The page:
The simplest way to describe Eoin Macken’s debut novel Kingdom is Scars would be to say that it’s about an Irish boy just living his life and experiencing the things that teenage boys go through: trying to fit in and become a part of a group, being bullied at school, disrespecting authority, flirting with petty crime, first sexual encounters, being unsure how to deal with girls, drinking, smoking, and all other kinds of things.
And while this may make it seem like just another one of those novels trying to be ultra profound about growing up and coming into manhood, Kingdom of Scars doesn’t seem to try and be extremely poetic about the experiences at all; that is not to say that there is no skill in the writing, but the story told just plays out as if to say, “it is what it is”. In fact, I have difficulty describing what the overall plot of action would be in this novel, as it comes across almost as a series of connected vignettes of one boy’s experiences that come to affect him, his actions, his relationships, and his understandings of the world. Our lives are a series of moments and experiences that shape us, and that is what I see Kingdom of Scars as describing.
The protagonist of the novel is young Sam, who lacks a circle of friends at school (save for one boy), and is trying desperately to be fully accepted by a group of boys who he lives by that he likes to hang out with on a regular basis. The novel follows Sam for a period of time as he engages in different acts and experiences with the boys he wants to be a part of, as he is introduced to a girl and takes his first steps into the world of dating and sex, and as he learns what it means to assert yourself when you need to. In the middle part of the novel I got a little excited by the prospect of there possibly even being a little bit of a surprise paranormal element to the story, but that didn’t really play out like I thought it might (not that that’s a bad thing, I just really like supernatural stuff).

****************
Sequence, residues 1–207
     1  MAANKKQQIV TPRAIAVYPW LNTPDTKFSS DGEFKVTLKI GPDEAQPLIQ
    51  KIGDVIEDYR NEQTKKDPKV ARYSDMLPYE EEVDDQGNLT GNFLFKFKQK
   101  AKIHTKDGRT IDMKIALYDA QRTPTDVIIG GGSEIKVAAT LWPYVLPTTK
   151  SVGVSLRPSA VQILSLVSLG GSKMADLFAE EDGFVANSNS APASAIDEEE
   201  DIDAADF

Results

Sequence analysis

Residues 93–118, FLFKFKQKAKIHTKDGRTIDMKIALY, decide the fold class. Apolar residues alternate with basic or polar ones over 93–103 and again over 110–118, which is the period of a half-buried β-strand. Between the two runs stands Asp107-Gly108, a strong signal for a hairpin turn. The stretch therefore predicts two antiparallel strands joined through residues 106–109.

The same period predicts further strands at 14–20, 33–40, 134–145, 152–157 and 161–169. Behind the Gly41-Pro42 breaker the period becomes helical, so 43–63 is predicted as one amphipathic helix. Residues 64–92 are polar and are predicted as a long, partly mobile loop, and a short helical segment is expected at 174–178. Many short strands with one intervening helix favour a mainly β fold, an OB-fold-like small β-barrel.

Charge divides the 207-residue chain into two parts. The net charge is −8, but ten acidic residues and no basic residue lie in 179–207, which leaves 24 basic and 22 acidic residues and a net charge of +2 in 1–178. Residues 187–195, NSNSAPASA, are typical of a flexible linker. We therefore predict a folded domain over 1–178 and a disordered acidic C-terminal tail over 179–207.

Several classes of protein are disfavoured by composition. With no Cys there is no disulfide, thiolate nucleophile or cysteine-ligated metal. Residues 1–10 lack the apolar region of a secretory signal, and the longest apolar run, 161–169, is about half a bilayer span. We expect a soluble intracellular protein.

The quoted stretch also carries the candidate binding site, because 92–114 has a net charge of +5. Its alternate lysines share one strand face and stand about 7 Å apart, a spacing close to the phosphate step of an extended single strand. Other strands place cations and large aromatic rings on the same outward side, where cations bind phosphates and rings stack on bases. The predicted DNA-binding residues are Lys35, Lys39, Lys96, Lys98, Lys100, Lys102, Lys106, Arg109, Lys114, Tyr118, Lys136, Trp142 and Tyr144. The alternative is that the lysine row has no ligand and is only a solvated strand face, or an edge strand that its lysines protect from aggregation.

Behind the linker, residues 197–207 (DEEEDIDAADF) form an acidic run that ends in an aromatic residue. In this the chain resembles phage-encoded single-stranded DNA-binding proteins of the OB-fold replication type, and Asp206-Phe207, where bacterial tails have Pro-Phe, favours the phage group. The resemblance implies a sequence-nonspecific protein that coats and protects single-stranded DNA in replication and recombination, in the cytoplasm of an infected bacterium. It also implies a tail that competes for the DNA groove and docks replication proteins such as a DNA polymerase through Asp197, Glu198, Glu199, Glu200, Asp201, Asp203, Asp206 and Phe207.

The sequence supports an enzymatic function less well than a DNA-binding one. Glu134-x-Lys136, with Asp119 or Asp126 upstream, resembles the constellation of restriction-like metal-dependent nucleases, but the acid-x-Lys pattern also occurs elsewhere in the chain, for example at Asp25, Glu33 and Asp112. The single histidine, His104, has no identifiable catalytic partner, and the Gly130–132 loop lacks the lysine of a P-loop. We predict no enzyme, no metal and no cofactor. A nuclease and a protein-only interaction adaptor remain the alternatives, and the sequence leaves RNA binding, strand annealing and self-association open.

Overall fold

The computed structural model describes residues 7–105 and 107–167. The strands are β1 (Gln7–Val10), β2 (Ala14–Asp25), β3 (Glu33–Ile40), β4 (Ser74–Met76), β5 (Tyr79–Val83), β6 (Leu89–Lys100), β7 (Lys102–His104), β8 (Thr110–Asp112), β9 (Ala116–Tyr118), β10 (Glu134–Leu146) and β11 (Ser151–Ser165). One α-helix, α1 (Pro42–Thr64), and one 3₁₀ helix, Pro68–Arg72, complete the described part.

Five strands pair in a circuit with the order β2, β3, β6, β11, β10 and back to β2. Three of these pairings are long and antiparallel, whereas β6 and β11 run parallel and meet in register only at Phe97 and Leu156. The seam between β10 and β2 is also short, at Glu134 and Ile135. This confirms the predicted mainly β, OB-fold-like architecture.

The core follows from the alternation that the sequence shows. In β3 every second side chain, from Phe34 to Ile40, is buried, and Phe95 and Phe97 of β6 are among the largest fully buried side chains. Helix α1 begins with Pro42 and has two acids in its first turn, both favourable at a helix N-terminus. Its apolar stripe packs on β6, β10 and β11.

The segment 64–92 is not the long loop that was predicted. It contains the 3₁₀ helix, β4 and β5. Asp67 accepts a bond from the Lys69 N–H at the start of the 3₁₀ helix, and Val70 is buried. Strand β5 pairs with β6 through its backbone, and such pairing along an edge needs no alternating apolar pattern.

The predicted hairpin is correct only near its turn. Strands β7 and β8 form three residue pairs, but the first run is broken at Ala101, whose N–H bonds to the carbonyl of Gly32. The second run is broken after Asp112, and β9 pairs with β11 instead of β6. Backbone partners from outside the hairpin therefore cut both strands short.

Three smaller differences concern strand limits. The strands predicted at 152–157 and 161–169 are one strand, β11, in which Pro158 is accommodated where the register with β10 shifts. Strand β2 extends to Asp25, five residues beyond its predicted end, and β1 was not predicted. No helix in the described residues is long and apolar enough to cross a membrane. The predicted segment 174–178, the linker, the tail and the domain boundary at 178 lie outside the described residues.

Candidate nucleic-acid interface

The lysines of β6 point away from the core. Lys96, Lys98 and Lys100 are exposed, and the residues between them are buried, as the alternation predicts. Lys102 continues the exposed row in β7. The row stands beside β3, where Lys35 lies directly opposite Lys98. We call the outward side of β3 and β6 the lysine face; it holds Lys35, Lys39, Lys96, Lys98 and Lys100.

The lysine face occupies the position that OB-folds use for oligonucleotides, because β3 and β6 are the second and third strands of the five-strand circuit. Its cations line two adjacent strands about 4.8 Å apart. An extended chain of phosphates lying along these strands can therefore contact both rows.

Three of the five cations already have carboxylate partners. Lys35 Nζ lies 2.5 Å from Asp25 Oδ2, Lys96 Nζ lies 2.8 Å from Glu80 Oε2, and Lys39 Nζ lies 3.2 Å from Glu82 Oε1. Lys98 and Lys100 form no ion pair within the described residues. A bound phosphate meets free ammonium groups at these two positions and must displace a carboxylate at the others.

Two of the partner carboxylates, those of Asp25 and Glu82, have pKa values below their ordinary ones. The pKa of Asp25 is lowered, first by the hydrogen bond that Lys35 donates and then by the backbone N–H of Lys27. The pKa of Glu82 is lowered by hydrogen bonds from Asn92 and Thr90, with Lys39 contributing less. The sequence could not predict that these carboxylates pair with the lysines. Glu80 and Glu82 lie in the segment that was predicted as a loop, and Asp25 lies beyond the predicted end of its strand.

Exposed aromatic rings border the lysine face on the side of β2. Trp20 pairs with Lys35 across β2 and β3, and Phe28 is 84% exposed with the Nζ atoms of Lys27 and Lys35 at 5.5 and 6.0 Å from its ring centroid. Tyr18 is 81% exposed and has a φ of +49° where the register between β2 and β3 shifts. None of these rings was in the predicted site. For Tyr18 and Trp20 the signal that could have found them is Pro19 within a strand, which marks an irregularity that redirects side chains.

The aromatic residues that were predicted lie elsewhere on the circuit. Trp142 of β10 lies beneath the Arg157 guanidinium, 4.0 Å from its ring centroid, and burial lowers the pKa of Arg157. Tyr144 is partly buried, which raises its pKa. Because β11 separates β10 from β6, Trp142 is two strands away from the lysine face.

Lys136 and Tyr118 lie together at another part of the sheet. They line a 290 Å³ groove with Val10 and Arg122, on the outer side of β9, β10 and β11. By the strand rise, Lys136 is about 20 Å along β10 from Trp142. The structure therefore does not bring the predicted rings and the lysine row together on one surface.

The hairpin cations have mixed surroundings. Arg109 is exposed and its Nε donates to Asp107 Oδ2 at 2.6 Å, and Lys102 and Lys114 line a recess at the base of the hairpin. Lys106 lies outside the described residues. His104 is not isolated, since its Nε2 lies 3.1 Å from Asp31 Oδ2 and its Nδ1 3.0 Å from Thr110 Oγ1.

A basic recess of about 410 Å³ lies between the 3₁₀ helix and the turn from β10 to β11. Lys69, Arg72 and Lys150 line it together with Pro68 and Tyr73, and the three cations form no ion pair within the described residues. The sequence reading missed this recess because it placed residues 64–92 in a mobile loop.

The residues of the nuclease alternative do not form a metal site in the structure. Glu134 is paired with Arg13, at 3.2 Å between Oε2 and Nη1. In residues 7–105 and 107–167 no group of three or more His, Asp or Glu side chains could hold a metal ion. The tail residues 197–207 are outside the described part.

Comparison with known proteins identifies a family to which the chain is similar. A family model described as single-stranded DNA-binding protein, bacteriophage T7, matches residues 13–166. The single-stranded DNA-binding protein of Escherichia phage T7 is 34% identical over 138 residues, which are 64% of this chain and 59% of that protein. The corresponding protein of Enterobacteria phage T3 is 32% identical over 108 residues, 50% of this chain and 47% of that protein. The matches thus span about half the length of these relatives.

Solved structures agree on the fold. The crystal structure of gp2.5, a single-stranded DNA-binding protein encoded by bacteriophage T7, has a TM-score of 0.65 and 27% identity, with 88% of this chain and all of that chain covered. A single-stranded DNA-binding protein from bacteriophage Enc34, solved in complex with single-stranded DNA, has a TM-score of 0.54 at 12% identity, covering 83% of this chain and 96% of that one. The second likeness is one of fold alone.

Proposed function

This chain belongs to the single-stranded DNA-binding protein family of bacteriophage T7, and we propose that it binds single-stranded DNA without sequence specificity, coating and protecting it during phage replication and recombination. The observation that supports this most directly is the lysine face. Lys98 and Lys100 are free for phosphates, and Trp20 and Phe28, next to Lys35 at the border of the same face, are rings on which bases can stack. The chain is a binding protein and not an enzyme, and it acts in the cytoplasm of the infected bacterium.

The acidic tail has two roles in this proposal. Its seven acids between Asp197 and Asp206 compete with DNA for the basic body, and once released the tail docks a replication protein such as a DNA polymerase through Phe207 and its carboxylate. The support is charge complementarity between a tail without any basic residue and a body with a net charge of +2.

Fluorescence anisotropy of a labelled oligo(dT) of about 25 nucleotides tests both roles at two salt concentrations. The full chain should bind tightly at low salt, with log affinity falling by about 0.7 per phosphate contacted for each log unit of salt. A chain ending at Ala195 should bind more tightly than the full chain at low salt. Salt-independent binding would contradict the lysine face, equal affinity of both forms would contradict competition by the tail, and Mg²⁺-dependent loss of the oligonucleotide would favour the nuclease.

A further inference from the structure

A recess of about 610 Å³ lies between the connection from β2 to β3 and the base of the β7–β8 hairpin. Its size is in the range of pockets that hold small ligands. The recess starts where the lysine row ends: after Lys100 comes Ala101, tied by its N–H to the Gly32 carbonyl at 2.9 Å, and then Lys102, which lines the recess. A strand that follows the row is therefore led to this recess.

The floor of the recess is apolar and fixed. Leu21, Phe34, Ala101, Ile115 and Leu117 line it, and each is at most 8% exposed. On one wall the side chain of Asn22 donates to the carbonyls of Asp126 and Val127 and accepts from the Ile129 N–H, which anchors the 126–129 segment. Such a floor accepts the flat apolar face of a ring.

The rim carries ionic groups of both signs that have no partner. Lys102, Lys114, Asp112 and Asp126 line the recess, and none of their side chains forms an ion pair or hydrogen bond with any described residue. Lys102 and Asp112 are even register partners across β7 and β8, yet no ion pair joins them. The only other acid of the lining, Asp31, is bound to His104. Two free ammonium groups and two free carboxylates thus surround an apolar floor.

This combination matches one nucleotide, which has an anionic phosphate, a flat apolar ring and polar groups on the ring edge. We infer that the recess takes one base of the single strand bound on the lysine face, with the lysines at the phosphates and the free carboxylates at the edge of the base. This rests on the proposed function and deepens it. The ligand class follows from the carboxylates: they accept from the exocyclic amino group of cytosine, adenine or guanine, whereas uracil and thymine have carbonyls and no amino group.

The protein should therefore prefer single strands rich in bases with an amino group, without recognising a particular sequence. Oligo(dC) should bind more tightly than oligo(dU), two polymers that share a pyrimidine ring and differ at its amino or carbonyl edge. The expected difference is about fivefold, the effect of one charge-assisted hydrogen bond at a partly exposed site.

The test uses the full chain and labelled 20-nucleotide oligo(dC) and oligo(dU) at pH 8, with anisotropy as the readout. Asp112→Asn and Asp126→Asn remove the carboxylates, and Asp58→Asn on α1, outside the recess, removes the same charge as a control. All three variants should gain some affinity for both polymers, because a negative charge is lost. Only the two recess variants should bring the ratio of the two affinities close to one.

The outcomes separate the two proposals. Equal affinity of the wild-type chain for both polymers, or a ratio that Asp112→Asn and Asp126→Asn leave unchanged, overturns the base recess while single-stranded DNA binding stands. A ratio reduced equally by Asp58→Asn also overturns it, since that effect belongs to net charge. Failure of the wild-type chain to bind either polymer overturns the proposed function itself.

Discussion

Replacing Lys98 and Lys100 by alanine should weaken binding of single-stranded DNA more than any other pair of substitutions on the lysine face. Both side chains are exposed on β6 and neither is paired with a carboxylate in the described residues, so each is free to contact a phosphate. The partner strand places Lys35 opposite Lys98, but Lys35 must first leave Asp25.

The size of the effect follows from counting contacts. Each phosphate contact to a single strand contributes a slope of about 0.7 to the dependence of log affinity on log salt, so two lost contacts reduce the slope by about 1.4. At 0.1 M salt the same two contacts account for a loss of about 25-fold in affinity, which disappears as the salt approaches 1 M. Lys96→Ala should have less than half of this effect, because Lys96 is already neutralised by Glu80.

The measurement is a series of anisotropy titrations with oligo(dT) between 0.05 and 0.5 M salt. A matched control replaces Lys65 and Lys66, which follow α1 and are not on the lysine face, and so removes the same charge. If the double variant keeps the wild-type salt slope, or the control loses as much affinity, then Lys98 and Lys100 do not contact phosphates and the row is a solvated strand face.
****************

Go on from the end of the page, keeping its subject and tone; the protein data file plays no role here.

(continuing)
More than anything, however, I was struck by how Kingdom of Scars seems to examine this idea of the illusions we hold of people (though that might just be my interpretation of it): Sam would be seen holding people in such high regard and wanting to be closer to them, only to find that perhaps people are not all that they seem once we do break the barriers and come to know them better. People float in and out of our good graces as our illusions of them are broken by their actions or our new understandings of things, and the more you learn about someone or go through your life experiences, the more you come to grow in terms of seeing people for who they truly are, and seeing yourself for you who are. These are the things that I ended up thinking about while I was reading this novel, and I particularly enjoyed the fact that it got my mind going about such topics.
Overall, I read Kingdom of Scars quickly, and it’s not difficult to get through as the language is reasonably straightforward and effective. While many may be tired of reading angsty teenage stories about growing up and experiencing the world, I found the novel to be illustrative on the experiences that many may have, and to be presented in a way that was simple and not exhausting like I often find some of the more weighty writing styles to be. But then again, that’s just me!
[As always, this review–along with all the others– is also posted on my blog.]